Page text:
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Minerals 2017, 7(10), 190; https://doi.org/10.3390/min7100190

The Force of Crystallization and Fracture Propagation during In-Situ Carbonation of Peridotite

1
HPT-Laboratory, Department of Earth Sciences, Utrecht University, P.O. Box 80021, 3508 TA Utrecht, The Netherlands
2
Department of Environmental Technology, Institute for Energy Technology, Instituttveien 18, 2007 Kjeller, Norway
3
Department of Earth Sciences, Utrecht University, P.O. Box 80021, 3508 TA Utrecht, The Netherlands
4
Shell Innovation, Research and Development, Houston, TX 77082-3101, USA
*
Author to whom correspondence should be addressed.
Received: 29 August 2017 / Revised: 25 September 2017 / Accepted: 6 October 2017 / Published: 11 October 2017
(This article belongs to the Special Issue Carbon Capture and Storage via Mineral Carbonation)
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Abstract

Subsurface mineralization of CO2 by injection into (hydro-)fractured peridotites has been proposed as a carbon sequestration method. It is envisaged that the expansion in solid volume associated with the mineralization reaction leads to a build-up of stress, resulting in the opening of further fractures. We performed CO2-mineralization experiments on simulated fractures in peridotite materials under confined, hydrothermal conditions, to directly measure the induced stresses. Only one of these experiments resulted in the development of a stress, which was less than 5% of the theoretical maximum. We also performed one method control test in which we measured stress development during the hydration of MgO. Based on microstructural observations, as well as XRD and TGA measurements, we infer that, due to pore clogging and grain boundary healing at growing mineral interfaces, the transport of CO2, water and solutes into these sites inhibited reaction-related stress development. When grain boundary healing was impeded by the precipitation of silica, a small stress did develop. This implies that when applied to in-situ CO2-storage, the mineralization reaction will be limited by transport through clogged fractures, and proceed at a rate that is likely too slow for the process to accommodate the volumes of CO2 expected for sequestration. View Full-Text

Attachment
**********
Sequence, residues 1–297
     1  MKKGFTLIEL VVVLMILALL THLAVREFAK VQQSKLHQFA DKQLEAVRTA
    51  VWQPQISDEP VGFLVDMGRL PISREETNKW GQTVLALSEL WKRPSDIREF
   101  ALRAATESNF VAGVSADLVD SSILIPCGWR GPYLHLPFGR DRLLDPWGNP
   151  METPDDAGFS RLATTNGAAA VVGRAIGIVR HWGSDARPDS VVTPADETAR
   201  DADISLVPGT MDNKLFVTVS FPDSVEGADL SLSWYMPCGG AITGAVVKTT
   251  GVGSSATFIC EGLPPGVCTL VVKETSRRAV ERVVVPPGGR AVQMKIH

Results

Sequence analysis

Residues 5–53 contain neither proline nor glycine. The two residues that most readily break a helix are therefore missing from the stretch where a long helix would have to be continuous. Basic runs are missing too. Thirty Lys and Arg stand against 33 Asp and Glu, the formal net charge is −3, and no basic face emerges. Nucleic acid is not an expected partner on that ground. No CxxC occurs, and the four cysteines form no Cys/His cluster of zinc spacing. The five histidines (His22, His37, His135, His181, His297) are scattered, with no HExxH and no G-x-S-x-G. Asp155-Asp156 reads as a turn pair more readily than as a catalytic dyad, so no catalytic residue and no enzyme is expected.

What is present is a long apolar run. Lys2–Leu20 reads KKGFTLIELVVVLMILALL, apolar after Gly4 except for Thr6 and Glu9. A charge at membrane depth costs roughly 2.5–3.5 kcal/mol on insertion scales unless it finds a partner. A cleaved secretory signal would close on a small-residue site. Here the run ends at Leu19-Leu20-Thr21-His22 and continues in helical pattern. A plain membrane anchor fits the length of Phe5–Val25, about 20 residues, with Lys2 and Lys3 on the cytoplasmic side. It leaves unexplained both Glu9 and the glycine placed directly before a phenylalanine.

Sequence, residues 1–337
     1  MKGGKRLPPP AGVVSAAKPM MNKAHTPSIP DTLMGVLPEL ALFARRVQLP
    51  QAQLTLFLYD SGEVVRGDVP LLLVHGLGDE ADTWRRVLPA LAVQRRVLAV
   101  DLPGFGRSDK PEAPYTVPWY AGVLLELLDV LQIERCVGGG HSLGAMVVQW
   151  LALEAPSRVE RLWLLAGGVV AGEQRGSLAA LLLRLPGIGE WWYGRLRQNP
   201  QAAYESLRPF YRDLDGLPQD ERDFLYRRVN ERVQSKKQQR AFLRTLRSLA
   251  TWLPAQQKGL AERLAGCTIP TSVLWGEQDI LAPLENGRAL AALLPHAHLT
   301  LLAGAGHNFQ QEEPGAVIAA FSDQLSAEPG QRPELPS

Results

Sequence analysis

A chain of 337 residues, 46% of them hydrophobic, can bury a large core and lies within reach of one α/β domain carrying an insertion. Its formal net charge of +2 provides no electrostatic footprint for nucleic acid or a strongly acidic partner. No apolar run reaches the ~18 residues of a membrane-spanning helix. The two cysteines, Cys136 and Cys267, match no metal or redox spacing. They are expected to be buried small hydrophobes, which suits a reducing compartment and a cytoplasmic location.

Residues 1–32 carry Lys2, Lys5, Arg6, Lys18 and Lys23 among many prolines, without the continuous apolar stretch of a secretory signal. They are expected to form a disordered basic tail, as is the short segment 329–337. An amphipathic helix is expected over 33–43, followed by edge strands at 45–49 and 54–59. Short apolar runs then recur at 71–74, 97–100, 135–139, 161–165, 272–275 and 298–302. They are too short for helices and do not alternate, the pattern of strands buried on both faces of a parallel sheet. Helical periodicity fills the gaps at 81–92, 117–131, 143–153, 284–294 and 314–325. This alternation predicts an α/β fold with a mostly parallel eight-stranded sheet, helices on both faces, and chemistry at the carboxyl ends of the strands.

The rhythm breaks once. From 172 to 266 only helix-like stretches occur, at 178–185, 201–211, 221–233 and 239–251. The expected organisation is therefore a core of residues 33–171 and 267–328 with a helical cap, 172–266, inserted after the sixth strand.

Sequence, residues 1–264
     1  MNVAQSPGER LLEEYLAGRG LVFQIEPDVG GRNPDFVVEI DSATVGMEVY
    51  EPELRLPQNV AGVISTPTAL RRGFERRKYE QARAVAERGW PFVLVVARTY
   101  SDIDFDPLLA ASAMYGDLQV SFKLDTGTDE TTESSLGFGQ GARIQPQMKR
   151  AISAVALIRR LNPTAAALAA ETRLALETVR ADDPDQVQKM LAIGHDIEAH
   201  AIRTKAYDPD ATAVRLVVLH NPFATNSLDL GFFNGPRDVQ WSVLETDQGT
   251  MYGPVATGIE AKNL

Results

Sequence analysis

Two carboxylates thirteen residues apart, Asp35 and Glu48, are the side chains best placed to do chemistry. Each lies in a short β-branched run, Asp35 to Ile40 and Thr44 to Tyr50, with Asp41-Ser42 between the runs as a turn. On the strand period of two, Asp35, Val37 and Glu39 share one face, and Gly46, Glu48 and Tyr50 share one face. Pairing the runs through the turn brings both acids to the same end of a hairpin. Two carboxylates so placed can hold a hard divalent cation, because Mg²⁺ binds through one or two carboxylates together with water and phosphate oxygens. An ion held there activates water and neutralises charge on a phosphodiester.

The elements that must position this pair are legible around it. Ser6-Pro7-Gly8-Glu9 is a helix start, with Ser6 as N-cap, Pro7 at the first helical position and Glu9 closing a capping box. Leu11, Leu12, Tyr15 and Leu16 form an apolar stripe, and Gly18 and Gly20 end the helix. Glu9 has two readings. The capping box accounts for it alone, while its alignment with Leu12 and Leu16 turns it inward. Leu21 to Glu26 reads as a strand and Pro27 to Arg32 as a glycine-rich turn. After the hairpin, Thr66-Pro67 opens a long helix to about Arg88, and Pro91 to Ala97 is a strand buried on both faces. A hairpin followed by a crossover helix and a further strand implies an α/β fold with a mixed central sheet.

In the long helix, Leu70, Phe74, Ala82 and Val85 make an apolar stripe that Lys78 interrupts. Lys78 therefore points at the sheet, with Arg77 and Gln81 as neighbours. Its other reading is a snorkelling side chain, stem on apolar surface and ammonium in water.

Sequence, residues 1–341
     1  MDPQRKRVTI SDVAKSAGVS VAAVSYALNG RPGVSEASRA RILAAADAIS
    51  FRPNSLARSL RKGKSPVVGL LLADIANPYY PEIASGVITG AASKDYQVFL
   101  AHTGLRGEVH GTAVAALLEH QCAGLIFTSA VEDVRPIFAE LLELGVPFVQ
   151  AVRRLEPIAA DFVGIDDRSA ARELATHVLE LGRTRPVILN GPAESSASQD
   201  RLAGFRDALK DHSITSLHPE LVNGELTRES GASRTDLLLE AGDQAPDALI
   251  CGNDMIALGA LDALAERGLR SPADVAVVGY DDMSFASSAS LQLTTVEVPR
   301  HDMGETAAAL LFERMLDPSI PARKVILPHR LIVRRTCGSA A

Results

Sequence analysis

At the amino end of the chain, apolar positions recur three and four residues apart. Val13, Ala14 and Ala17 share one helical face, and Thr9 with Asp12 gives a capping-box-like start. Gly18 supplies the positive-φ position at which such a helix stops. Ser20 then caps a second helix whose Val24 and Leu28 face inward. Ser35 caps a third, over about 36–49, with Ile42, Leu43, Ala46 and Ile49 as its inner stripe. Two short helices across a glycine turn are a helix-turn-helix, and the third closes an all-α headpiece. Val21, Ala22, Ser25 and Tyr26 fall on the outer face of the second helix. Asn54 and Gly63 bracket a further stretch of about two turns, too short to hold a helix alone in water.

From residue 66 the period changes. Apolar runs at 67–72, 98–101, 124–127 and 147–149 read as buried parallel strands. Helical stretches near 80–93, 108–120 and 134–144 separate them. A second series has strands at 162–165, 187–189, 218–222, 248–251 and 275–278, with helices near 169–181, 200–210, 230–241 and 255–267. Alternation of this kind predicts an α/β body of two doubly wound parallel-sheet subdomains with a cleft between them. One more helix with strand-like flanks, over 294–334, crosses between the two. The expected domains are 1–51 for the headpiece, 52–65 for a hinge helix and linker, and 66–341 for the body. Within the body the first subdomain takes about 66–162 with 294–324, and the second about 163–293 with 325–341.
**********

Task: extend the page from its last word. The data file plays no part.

Keywords: mafic and ultramafic rocks carbonation; CO2 capture and storage; force of crystallization; olivine; ophiolite; peridotite; in-situ mineral carbonation; mineral dissolution kinetics; mineral precipitation kinetics mafic and ultramafic rocks carbonation; CO2 capture and storage; force of crystallization; olivine; ophiolite; peridotite; in-situ mineral carbonation; mineral dissolution kinetics; mineral precipitation kinetics
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This is an open access article distributed under the Creative Commons Attribution License which permits unrestricted use, distribution, and reproduction in any medium, provided the original work is properly cited. (CC BY 4.0).
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van Noort, R.; Wolterbeek, T.K.T.; Drury, M.R.; Kandianis, M.T.; Spiers, C.J. The Force of Crystallization and Fracture Propagation during In-Situ Carbonation of Peridotite. Minerals 2017, 7, 190.

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